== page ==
A Swiss appeals court will on Thursday hand down its verdict in the case of a former Liberian warlord accused of war crimes and crimes against humanity.
Alieu Kosiah was found guilty in June 2021 of multiple atrocities committed during the first of Liberia’s back-to-back civil wars, in which around 250,000 people died between 1989 and 2003.
Switzerland’s Federal Criminal Court in the southern city of Bellinzona found him “guilty of violating the laws of war.”
The verdict marked the first time a Liberian was convicted – either within the west African nation or anywhere else – of war crimes committed during the conflict.
Kosiah, who settled in Switzerland in 1998 and was arrested in the country in 2014, appealed the verdict.
The 48-year-old maintains he is innocent and has requested a full acquittal.
“He has always contested the facts,” his lawyer Dimitri Gianoli told AFP. “He is confident he will be acquitted.”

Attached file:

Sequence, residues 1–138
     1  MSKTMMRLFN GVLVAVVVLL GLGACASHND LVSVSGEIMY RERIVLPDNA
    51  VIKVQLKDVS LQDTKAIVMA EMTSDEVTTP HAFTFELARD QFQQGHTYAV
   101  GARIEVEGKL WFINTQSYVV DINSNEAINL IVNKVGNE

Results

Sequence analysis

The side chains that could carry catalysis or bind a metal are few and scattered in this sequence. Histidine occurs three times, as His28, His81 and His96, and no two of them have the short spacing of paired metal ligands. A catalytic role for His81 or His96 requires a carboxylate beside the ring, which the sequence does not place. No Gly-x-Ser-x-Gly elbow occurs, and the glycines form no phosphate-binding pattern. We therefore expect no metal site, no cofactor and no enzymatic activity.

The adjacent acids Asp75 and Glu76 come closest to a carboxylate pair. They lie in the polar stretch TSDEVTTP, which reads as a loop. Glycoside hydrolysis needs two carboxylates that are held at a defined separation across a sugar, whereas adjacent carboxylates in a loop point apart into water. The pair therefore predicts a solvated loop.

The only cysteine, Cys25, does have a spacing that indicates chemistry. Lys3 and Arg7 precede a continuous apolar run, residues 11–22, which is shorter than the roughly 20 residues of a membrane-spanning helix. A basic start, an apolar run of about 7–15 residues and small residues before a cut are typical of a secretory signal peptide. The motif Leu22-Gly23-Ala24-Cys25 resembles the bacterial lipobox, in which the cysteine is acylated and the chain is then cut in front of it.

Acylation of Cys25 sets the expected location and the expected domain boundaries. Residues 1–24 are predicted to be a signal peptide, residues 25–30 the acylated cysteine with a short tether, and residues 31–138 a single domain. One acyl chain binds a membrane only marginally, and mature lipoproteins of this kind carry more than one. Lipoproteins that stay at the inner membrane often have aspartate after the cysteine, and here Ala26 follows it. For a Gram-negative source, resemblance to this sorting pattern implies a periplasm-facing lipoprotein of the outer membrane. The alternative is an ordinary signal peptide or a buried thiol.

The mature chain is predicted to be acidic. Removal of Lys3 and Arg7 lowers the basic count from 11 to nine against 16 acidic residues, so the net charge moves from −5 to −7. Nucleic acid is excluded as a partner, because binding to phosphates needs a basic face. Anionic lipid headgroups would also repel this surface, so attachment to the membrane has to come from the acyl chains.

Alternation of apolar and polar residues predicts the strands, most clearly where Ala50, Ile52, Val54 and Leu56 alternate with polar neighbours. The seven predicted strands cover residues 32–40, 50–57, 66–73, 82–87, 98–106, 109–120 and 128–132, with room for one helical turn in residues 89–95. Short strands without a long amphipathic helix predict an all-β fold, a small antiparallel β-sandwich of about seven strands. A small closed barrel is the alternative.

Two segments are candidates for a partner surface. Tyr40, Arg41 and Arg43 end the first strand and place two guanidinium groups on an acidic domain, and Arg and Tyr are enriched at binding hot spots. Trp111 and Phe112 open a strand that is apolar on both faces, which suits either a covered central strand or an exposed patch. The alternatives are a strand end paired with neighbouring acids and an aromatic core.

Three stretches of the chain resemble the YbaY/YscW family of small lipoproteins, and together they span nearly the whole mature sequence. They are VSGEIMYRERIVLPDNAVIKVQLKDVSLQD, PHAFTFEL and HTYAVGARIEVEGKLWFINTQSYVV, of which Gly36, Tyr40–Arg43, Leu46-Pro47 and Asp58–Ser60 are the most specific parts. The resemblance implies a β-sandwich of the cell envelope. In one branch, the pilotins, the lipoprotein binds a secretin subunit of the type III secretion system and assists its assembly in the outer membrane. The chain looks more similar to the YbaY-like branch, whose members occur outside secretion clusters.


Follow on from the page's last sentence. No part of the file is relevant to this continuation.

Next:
But the proceedings held earlier this year at the Federal Criminal Court appeals chamber provided an opportunity for the prosecutor to add crimes against humanity to the charges.
It marked the first time that the most serious charge has been tried in Switzerland, made possible by a 2011 law change.
Like war crimes, crimes against humanity refer to atrocities, including murder, torture and rape. Instead of isolated or sporadic events, it is for incidents carried out in a widespread or systematic way.
In the 2021 verdict, Kosiah was found guilty of a slew of war crimes committed as commander of the United Liberation Movement of Liberia for Democracy (ULIMO) rebel group.
He ordered or participated in the killing of 17 civilians and two unarmed soldiers, as well as rape, and deploying a child soldier, the court ruled.
He had also ordered lootings and repeatedly ordered, or had himself inflicted, cruel and humiliating treatment of civilians, and mishandled corpses, according to that verdict.
He was sentenced to 20 years in prison – the maximum sentence possible in Switzerland at the time the crimes were committed.
If the appeals court finds him guilty of crimes against humanity, he could in theory face a life sentence.
The revised charges presented during the appeal emphasised that most of the crimes were part of a “generalized and systematic attack” on civilians, justifying the crimes against humanity charge.